Step one, when you copy the files from your camera, don't just copy the .mts files. Copy the entire AVCHD folder. This folder contains other data/info. (a directory structure for AVCHD files) Bring that whole folder off of your camera, and place it somewhere on your computer's harddrive.
Step two, go into CS4's media browser window and navigate to the "AVCHD" folder that you brought from your camera. Click on that folder and it will automatically see the .mts files as one large "stitched together file" just the same as your camera does when you playback the footage from the camera. (no more audio or video frames dropped at the joining of clips) From the media browser window, import the footage, then take that footage from your project panel to the timeline.
Note: AVCHD footage is HIGHLY compressed.....if you don't have MAJOR horsepower, you will find it difficult or next to impossible to edit/playback native long-duration AVCHD clips on your timeline. The next thing to do then is once you have taken the file from the media browser to the proj. panel, and then finally to the timeline, export the timeline to the Adobe Media encoder, and transcode that file into a format that is more edit friendly. (Mac users can transcode to Prores....which is FANTASTIC. PC users will have to use uncompressed AVI, or download the Cineform codec.)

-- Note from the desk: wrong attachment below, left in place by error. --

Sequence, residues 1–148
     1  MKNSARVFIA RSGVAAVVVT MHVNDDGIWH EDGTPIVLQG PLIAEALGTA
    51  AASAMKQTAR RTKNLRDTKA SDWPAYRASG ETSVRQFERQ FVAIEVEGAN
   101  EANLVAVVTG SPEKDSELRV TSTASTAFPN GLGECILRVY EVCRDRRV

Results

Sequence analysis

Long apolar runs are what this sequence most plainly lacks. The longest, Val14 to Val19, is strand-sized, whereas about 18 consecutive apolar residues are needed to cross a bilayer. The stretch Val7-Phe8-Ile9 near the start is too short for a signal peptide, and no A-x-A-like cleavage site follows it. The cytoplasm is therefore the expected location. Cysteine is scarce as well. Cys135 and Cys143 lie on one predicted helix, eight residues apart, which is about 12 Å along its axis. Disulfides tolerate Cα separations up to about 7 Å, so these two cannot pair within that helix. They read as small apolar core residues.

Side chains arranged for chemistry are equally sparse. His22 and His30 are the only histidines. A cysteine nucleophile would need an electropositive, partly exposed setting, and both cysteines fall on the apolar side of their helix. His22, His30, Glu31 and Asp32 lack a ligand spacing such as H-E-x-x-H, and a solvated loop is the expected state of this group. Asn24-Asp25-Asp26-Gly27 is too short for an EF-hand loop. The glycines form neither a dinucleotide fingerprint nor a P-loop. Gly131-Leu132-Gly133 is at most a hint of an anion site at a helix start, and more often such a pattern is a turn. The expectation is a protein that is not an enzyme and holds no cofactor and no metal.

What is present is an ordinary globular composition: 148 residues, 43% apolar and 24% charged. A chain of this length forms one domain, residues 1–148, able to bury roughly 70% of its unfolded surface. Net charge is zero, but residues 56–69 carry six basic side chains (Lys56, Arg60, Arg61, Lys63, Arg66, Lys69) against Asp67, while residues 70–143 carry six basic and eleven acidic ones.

This takes a few hours, so set it up to transcode before going to bed at night, and your editable files will be done when you wake up.
Hope this helps.
Sorry to hear that didn't work for ya. I have edited AVCHD in CS4, on a buddy of mine's CS5, and also in FCP and I have yet to have trouble with any of them recognizing the files as large stitched together files.
If you find out what is causing the trouble...be sure to post it up here for all of us.